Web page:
Months ago, we envisioned this semifinal with the assumption that both Brazil and Germany would have slugged out as tough a road to this point. We could not have envisioned that one team would arrive building up momentum and securing wins with seeming ease while the other would need miraculous scores, penalty shootouts, and officiating largesse, to make it. Now we can add the fact that Brazil will be missing its two pre-tournament star leaders, Neymar and Thiago Silva.
Today we know the Germans, the only team to have built a training camp in Brazil from scratch and to their very demanding specifications, is the strongest team at this tournament. The Dutch come in second, based on their string of elimination play successes and their talismanic tactician of a coach Louis van Gaal. The Argentines, because of Lionel Messi, are the third best team, and the Brazilians don’t belong in this group—Costa Rica, Mexico, Chile, Colombia, and Belgium were all better sides.
This Brazilian team tied Mexico, should have drawn against Croatia if the officiating had been fair, and they beat Cameroon. If those had been the results, Brazil would have played the Netherlands in the Round of 16 and probably have been eliminated. But this has been a cup of surprises and the main one left is Brazil, only it is a host in a very different guise.
Brazil without Neymar and Silva today, is like Brazil has been without Kaka, Robinho, Ronaldinho, and Pato, ever since Coach Felipe Scolari chose his 23-man roster but continued giving all comers cameos. They are without creativity, offensive punch, or their defensive leader, and with Scolari at the helm they are out of their depth against Germany. This is not to say another surprise is not in store, it may be. But as of this writing Germany is the only true contender between these two teams.
Germany has star players at all positions, is built on the stable base of one of the best club teams of the past several years, Bayern Munich, and they have won games against all types of competition--a surprisingly physical and technically proficient Algeria, a peaking France, and a pre-tourney contender Portugal, in a first match blow-out. On paper this semifinal simply does not look competitive.
German coach, Joaquim Low, making sure all bases are covered said at his last pre-game press conference: "We hope, the officiating will better control what has been very physical play by the Brazil side." Scolari, speaking to the major issues he sees as mitigating his side's chances, said: "We will miss Neymar and Thiago Silva, but we have players who can step up and play in their steads."
So what can happen today? Anything, and here's why.
Brazil could put the following eleven on the pitch: Cesar, Marcelo, Luis, Dante, and Alves in defense, Ramires, Gustavo, and Willian in midfield, and Oscar, Hulk, and Bernard in attack. The Germans could counter with Neuer, Lahm, Howedes, Boateng, and Hummels in defense, Kroos, Schweinsteiger, and Khedira, in midfield, and Gotze, Ozil, and Muller in attack.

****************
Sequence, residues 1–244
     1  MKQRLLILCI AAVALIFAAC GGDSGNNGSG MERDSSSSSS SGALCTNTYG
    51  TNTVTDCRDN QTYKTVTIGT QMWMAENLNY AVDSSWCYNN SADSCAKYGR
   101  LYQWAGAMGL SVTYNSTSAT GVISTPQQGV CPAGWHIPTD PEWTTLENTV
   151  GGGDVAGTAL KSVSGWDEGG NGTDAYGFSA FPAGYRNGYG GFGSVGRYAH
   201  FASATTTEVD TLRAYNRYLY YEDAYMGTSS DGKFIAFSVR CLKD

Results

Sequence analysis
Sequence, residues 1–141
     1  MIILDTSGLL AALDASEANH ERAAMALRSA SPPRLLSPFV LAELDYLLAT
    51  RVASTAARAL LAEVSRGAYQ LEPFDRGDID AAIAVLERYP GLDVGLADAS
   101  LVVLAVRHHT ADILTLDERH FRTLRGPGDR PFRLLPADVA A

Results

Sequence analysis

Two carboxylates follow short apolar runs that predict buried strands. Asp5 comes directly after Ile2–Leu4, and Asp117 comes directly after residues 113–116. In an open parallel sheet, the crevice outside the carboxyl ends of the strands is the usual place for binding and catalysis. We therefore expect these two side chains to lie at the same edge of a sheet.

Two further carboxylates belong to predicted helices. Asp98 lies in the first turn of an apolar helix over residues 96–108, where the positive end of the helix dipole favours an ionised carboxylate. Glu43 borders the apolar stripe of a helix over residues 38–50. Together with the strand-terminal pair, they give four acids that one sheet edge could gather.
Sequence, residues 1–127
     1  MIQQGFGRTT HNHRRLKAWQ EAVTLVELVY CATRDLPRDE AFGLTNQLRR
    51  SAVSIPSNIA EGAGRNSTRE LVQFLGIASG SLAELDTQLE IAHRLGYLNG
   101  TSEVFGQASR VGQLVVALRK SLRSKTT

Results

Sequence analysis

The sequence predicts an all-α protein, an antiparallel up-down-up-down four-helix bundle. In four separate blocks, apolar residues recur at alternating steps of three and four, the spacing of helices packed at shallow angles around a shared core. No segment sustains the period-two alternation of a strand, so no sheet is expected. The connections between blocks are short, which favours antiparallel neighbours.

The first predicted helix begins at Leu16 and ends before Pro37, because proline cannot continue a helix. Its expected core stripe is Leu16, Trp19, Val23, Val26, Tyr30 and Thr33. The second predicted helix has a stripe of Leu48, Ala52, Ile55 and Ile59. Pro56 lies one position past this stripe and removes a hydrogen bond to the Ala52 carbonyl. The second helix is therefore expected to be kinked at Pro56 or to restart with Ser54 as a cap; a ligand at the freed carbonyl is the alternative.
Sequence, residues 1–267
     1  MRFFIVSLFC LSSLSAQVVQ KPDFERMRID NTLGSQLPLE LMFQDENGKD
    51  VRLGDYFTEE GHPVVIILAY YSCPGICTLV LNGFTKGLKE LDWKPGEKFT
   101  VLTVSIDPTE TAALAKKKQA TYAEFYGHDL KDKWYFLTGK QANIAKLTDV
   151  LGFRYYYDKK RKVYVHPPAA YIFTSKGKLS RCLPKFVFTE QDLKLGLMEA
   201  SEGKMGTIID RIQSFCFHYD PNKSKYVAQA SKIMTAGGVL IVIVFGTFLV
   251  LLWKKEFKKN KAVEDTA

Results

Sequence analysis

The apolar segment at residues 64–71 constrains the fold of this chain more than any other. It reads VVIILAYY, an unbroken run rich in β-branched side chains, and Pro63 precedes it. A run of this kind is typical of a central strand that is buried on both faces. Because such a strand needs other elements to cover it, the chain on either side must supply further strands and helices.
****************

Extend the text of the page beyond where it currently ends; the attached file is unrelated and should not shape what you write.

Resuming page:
In this match-up, the goalkeepers would have to be considered even given Neuer’s past year and Cesar’s cup play. The defense has to go Germany’s way as they have a strong and consistent line-up of veteran stars who have allowed three goals in five matches while Brazil’s defense is now a makeshift act. The caveat being that Marcelo (or Maicon) and Alves provide the type of offensive punch only Lahm can counter. At midfield and in attack there is no comparison, the Germans are better at all positions.
So what could mitigate this seeming avalanche? First, the officiating, which has been horrendous this cup and which has benefited the Brazilians unfairly. Second, the emotional wave the Brazilians, players and fans alike, will be ridding, which could carry them over Germany if not via skill then via energy and will. Third, the weather for the game will be a comfortable 72-F but with a 30% chance of rain. If it rains the conditions will help even out the chances of a miscue negating some of Germany’s superiority.
Fourth, some of Brazil’s unsung players, particularly the many who have underperformed or simply not been given a chance to play much, such as Hulk, Fred, Willian, Maicon, Bernard, Oscar, and Alves, could have a good game. If enough of them do so at the same time, and outplay their betters, they also have a chance. Fifth, a fortunate happenstance that goes Brazil’s way changes the course of the match, such as a knee-thigh goal or an uncharacteristically phenomenal dry leaf free-kick by a defender . If those circumstances become reality all bets are off. Barring those mitigating circumstances, Germany should win 2-0 and avenge their loss by the same score in 2002.